At the beginning of this academic year, every Harvard freshman received a flyer under his door inviting him to participate in the planning of this year’s “Sex Week.” The average freshman, newly-arrived to college–a place and time self-consciously associated with the sexual–can be excused, perhaps, for not knowing what an event entitled “Sex Week” entails.
And, to be fair to the freshmen, the answer is a complicated one: An explanation of what Sex Week is and where it comes from involves not only engaging in a discussion about sexual behavior on college campuses, but also in a larger debate about the importance of having those discussions in the first place.
Samantha A. Meier ’12 and Abby P. Sun ’13 first hatched the idea of Sex Week while eating lunch during the summer of 2011. A big idea crafted over a small meal, it would lead to a media frenzy (Meier and Sun landed on the front page of The New York Times) and an event that would attract over 2,000 Harvard students and the sponsorship of over 21 student groups and administrative offices.
Meier and Sun strove to create an event that would showcase a wide range of speakers and include a diversity of opinions. Students would listen to sexologists discuss BDSM, hear a student speaker consider the ethics of porn, and engage in a discussion with the Harvard Chaplains about sex. They would learn from a speaker about asexuality or head to the ubiquitous Female Orgasm Seminar, a previously stand-alone event that the two had helped plan.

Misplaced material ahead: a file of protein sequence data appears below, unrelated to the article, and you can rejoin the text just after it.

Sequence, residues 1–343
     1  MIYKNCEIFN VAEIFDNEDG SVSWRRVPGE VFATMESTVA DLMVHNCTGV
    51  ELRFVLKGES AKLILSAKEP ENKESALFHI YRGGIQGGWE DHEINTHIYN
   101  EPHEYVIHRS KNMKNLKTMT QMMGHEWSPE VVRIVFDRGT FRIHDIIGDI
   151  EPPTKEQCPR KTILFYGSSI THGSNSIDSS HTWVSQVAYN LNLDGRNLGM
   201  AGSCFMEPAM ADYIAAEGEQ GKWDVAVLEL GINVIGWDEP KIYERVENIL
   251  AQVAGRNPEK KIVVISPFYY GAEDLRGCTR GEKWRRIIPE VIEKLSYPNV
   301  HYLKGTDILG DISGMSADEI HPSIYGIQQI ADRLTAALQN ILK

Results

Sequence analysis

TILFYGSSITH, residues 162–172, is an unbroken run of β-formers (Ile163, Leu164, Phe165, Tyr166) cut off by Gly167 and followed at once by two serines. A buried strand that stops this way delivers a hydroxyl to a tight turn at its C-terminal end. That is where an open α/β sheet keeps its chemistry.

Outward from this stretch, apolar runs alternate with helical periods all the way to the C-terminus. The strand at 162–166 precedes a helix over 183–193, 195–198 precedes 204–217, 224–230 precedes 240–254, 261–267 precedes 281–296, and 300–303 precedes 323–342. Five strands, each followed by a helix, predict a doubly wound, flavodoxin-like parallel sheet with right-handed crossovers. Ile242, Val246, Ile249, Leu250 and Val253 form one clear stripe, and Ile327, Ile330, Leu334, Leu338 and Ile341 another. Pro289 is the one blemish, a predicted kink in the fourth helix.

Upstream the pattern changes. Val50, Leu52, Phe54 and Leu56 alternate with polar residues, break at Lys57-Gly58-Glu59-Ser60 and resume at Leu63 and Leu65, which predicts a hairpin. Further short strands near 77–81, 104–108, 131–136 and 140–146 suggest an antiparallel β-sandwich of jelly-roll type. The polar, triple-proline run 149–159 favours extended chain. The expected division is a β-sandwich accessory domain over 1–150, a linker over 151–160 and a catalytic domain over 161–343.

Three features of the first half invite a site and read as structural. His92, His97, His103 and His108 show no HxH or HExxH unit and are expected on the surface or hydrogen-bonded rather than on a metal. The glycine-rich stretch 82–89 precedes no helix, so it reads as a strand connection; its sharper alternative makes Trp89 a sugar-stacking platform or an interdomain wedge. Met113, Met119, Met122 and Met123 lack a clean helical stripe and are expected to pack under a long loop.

Sexologist and author Logan Levkoff, who delivered last year’s Female Orgasm Seminar, characterizes her experience speaking at Harvard as “everything I could have hoped for and more.... I was delighted by the enthusiasm and participation.”
“It’s not how to give a great blow job,” Levkoff says. “This stuff forces us to consider who we are, how we were raised, how we perceive messages we’ve received or challenge them.”
Humbi Song ’13, the former president of the Radcliffe Union of Students, says that the organizers “did an incredible job last year.”
“The female orgasm seminar really pushed for an open, healthy discussion about people’s sexuality that sometimes can be lacking on college campuses,” Song says.
Although Sex Week was an overwhelmingly popular event on campus (one third of the undergraduate population attended at least one event) there are some who believe it is an inappropriate allocation of Harvard’s resources. The Harvard Society (formerly True Love Revolution), a student group dedicated to promoting abstinence before marriage, remains strongly opposed to Sex Week. The
Anscombe Society, which also promotes abstinence, chose not to participate in Sex Week both this year and last year despite repeated efforts to engage them in the events. Anscombe Society Vice-President for Events Jim P. McGlone ’15 defends the group’s decision not to participate in Sex Week.
“It’s an active promotion of an ‘anything goes’ mentality of sexual license and that is a message we are very concerned about. We think this has the power to do a great amount of damage to our classmates.”
McGlone went to the first event of Sex Week last year entitled “Spring Fever: Exploring Your Sexuality,” given by sexologist Megan Andelloux concerning sexual experimentation and “getting frisky.” McGlone says that he was “horrified, just horrified” by the discussion.
“I don’t think Sex Week provided a meaningful environment to talk about sex.... That has no place on my campus. I don’t want that on my campus. I don’t think that’s good for anybody,” says McGlone.
In response to such comments by the Anscombe Society Martha R. Farlow ’13, one of the co-presidents of Sexual Health Education and Advocacy throughout Harvard College (SHEATH), the group that Meier and Sun founded to put on Sex Week, says: